Jury deliberates on the guilt of alleged rapist Harvey Weinstein

By: Joseph Lyttleton
Reading Time: 4 minutes



On Tuesday, February 18, 2020, the jury for the Harvey Weinstein trial began deliberations to determine whether the former Hollywood mogul should be convicted over multiple counts of rape. 

The charges against Weinstein relate to two separate women, though over 80 accusations of sexual misconduct have been made against the defendant since 2017.

Public reaction to Weinstein’s alleged sexual misdeeds have turned the #MeToo movement into an international platform for victims of sexual assault and harassment. Though the movement’s roots go back to the 2006 activism of Tarana Burke, the campaign exploded into the public consciousness when numerous celebrities began voicing it on their social media platforms.

The trial of Harvey Weinstein

Source: Straits Times

Weinstein is facing five charges of rape or sexual assault in Manhattan, based on the accusations of two women: Jessica Mann and Miriam Haley (Haley recently changed her last name from Haleyi). 

Mann, a former actress, alleges Weinstein raped her, while Haley, a former production assistant on “Project Runway,” has testified that Weinstein performed non-consensual oral sex on her.

The two women gave detailed testimony during the trial, describing situations when they were forced to perform unwanted, “degrading” sexual acts. Mann also reported that Weinstein appeared to her to be “deformed and intersex.”

A third prominent witness in the trial was “The Sopranos” actress Annabella Sciorra. Sciorra accused Weinstein of raping her in the mid-90s in her New York apartment. That alleged rape is not among the charges, as the statute of limitations for that crime has passed. Rather, Sciorra’s testimony was intended to support the prosecution’s case by showing Weinstein’s history of sexual predation.

On Tuesday, after two weeks of testimony, the trial entered the jury deliberation phase. As of today, the jury, which consists of five women and seven men, had yet to return a verdict.

The history of Harvey Weinstein

Source: AP Photo/John Minchillo

Prior to an avalanche of sexual misconduct accusations in 2017, Weinstein was one of the biggest names in Hollywood, a famous producer known for shepherding films to Oscar success. Along with his brother, Bob, his production credits include some of the most awarded films of the last quarter century, including “Pulp Fiction,” “The Lord of the Rings” trilogy, and “Shakespeare in Love.”

Source: Variety

On October 5, 2017, however, The New York Times published a bombshell report by Jodi Kantor and Megan Twohey that outlined how, for decades, Weinstein had paid off women who accused of him of sexual assault or rape.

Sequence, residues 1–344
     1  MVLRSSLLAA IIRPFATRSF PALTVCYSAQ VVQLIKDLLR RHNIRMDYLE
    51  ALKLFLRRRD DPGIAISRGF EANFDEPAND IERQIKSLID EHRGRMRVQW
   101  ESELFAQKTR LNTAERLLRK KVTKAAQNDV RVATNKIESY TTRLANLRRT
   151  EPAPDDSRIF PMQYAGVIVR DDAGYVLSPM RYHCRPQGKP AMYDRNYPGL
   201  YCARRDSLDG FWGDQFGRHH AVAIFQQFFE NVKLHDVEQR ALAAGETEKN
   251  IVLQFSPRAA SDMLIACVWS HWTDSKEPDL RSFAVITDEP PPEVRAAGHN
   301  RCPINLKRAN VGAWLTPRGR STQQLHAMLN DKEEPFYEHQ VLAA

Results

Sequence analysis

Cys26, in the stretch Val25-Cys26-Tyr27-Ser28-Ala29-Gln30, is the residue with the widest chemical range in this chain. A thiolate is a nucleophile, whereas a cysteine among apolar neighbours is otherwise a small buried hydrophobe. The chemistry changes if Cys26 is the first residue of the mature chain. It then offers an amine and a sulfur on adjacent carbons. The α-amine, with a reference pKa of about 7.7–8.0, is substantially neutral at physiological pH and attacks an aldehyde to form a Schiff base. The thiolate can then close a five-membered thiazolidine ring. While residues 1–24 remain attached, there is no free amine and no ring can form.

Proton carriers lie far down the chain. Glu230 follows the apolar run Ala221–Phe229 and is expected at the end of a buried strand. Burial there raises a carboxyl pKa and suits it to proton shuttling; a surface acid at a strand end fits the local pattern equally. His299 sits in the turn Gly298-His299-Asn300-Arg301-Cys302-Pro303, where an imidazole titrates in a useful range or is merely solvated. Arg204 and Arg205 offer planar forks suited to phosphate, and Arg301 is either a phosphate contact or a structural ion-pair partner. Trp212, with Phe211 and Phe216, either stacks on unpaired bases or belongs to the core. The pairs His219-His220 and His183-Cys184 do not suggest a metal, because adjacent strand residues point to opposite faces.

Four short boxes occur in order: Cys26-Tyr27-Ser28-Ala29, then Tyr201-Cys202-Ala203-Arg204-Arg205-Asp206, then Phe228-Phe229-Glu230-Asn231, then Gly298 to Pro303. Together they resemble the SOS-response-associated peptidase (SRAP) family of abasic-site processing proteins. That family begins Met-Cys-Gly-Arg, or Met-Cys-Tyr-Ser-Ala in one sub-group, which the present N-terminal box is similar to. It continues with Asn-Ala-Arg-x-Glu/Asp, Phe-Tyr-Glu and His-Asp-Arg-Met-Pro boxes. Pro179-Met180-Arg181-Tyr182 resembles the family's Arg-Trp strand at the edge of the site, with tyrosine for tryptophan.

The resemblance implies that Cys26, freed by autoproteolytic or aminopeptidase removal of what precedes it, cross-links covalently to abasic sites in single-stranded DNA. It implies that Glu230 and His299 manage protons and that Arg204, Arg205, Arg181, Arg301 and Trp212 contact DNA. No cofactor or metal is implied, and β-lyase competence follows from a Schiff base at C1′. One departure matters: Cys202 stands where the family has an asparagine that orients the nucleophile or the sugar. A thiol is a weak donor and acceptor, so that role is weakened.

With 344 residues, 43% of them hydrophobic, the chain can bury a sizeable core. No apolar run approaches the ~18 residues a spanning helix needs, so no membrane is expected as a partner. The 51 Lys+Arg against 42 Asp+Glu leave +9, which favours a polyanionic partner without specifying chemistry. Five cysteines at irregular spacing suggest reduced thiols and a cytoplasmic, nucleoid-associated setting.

Less than a week later, the New Yorker released their own investigative piece, written by Ronan Farrow, which included interviews with 13 of Weinstein’s alleged victims, conducted over a ten month period. Farrow’s piece reported incidences of assault and harassment ranging from the 1990s to 2015.

At the time, Weinstein released a statement, saying, “I appreciate the way I’ve behaved with colleagues in the past has caused a lot of pain, and I sincerely apologize for it. Though I’m trying to do better, I know I have a long way to go.” 

Weinstein’s lawyer at the time, Lisa Bloom, defended her client, saying he was “an old dinosaur learning new ways.”

In the ensuing months, dozens of women came forward to publicly accuse Weinstein of everything from rape and harassment to career sabotage for resisting his advances. 

By June 2018, 87 women had made accusations against Weinstein, including well-established actresses like Kate Beckinsale, Salma Hayek, Lupita Nyong’o, and Gwyneth Paltrow.

Another actress, Rose McGowan, reached a settlement with Weinstein in 2007 for an unspecified interaction. In 2018, she released a memoir entitled “Brave” that includes a description of Weinstein’s alleged rape of her, something she alluded to in a series of tweets in October 2016.

The #MeToo movement ignites

Shortly after the Weinstein stories broke, a tweet by actress Alyssa Milano helped turn the phrase “me too” into a global rallying cry for victims of sexual assault. Milano asked those who had “been sexually harassed or assaulted [to] write ‘me too’ as a reply” to the tweet. 

Women began sharing their stories across social media, using the hashtag #metoo to spread awareness.

However, well before the Weinstein stories broke, an activist named Tarana Burke had created a movement called Me Too as a means of helping victims of sexual violence. Burke’s focus was particularly on black women and girls who she found often lacked an outlet for discussing such matters.

In the years since the two Weinstein articles were published, countless powerful men across industries, most especially media figures, have faced accusations of sexual misconduct. 

Comedian Louis CK, former NBC newscaster Matt Lauer, and self-help guru Tony Robbins are just a few of the men who have been accused by multiple women.